The Daily Ant hosts a weekly series, Philosophy Phridays, in which real philosophers share their thoughts at the intersection of ants and philosophy. This is the forty-sixth contribution in the series, submitted by Carolina Flores.
Propositional Anttitudes and Social Coordination
We are inveterate mentalizers: we primarily think of one another, and often of other animals, as minded. More specifically, we ascribe beliefs, desires, and a whole range of attitudes to one another, and offer these ascriptions as the privileged causal explanations of our own and others’ behavior.
This is a hugely impressive cognitive skill. In fact, one might see it as the kind of skill that sets humans apart from other animals. Start by considering cognitively simple animals like ants. Though ant societies are complex and include impressive displays of cooperative behavior (more on this below), ants don’t think. The organization of ant colonies is the result of a brute causal process. In contrast, this picture holds that humans are different in kind: complex human societies are the result of individuals thinking and inquiring, and in particular coordinating by reading others’ minds.
According to this view, humans have a special place in nature as rational and linguistic animals. As part of this deluxe package deal, we have a tendency to think about the world in ways which reach their apex in scientific theorizing: we observe regularities in the world, see them as indicating hidden causes, and catalogue these causes in theories which explain why things happen and allow us to predict what will happen next. Attitude ascriptions are just one instance of this kind of thinking. We observe each other’s behavior and ascribe beliefs and desires as hidden causes of that behavior. The result: folk psychology, a proto-scientific theory that allows us to explain and predict others’ behavior. We then apply this pervasively in our interactions.
Whether or not you share with me the sense that this view is objectionably self-congratulatory, something should make you a little antsy. We don’t in fact relate to each other as passive objects in the world. My interest in your behavior is very different from my interest in the trajectory of billiard balls. And this manifests in differences between our attitude-ascribing practices and our postulation of hidden causes for physical events.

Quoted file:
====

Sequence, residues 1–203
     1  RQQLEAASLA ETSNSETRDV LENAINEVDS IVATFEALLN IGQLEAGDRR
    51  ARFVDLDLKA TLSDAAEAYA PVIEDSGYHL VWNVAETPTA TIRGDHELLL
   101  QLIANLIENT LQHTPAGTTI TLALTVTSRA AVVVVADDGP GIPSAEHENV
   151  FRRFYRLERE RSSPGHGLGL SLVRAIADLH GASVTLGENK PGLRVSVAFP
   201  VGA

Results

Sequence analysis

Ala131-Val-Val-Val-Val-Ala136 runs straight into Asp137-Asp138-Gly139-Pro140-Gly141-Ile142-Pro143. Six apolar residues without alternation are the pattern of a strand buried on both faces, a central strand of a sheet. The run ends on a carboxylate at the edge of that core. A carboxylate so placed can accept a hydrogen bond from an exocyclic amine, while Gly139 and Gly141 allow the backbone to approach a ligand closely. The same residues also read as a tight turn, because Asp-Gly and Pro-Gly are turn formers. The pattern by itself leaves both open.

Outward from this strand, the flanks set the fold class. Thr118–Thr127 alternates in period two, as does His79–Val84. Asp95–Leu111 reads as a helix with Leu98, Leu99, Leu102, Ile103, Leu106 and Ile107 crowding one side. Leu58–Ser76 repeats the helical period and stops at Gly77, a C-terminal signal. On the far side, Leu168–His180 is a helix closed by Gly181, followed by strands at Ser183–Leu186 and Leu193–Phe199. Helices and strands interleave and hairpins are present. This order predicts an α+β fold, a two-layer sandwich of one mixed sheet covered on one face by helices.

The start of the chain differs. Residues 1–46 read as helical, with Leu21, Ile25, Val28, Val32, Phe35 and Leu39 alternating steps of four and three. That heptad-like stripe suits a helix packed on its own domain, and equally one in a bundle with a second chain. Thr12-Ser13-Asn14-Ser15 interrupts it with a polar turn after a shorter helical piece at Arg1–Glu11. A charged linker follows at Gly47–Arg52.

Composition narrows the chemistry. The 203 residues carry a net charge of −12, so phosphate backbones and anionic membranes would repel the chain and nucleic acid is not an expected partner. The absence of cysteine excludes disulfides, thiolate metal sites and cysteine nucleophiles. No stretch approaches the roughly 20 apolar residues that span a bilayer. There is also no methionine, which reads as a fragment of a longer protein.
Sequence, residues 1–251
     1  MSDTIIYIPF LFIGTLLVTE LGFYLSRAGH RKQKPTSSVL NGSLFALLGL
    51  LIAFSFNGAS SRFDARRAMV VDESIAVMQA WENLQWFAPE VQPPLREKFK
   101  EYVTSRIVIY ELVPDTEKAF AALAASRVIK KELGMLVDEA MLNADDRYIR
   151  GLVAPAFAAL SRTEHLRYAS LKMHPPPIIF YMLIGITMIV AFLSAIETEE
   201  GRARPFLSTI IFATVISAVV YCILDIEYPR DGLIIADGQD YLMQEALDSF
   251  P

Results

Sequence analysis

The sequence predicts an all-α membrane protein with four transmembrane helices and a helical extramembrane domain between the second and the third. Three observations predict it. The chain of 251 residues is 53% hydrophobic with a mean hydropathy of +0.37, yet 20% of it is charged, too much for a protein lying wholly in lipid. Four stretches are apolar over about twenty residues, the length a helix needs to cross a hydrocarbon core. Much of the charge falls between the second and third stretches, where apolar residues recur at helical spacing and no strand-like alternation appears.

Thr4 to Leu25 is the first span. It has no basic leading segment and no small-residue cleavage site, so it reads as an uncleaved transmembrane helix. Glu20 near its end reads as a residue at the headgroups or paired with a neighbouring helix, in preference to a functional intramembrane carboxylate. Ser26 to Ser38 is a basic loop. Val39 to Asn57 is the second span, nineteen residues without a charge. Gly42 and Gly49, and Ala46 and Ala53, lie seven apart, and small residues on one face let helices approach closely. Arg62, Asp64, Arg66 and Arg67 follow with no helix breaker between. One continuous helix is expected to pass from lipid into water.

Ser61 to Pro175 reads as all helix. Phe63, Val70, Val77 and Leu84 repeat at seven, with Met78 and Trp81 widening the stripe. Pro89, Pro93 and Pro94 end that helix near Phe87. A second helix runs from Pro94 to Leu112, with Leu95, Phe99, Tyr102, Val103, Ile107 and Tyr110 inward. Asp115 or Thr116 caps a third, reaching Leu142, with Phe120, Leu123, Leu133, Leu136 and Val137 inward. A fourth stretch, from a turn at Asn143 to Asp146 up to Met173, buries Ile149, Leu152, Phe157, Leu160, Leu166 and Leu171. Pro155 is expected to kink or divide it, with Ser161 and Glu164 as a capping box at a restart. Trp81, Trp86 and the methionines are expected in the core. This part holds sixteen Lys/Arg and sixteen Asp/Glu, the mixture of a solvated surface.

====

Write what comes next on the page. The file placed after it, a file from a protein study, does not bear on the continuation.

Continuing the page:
Here are some ways in which our interaction with other humans differs from our interaction with the majority of medium-sized physical objects in our environment: We ask questions, demand explanations and apologies, care about each other, trust one another, rely on others to help us, make promises, feel disappointed in one another, offer criticism, and so on. These kinds of interactions involve seeing others as responsible agents who respond to shared norms. And the ascription of beliefs, desires, and other attitudes is not just a matter of offering factual claims about causes of events: it involves adopting this sort of stance – a normative stance – towards others.
For example, if I have reason to believe that you have certain attitudes and then find these to be inconsistent with your behavior, my typical reaction is not to think ‘oh well, I must have been wrong’ and revise my ascriptions. Instead, I will ask you to explain yourself, and you will typically take this demand on board, either by ascribing different attitudes to yourself, or by distancing yourself from your behavior by saying things like ‘I don’t know what I was thinking’ and apologizing. This suggests that attitude ascriptions have normative force: they set norms for behavior that we take ourselves to be accountable to. This is very puzzling if folk psychology is just a predictive-explanatory theory: such theories don’t make demands on their targets!
Further, the picture of attitude ascription we are considering has an odd starting point. It fails to ask ‘What is attitude ascription for, given the kinds of animals we are, and the needs we have?’ Instead, it assumes that humans are fundamentally inquirers, and sees attitude ascription as just the result of inquiring on a particular kind of object: other minds.
That doesn’t seem right. Like ants, we are social animals: we need to coordinate with one another to survive and thrive. We relate to each other as members of a community, not as individuals striving to understand and control passive resources. Our survival depends on our performance in social situations in which we need to implement or maintain particular relations between our actions (e.g. synchronizing our actions, or performing complementary actions in distributed roles).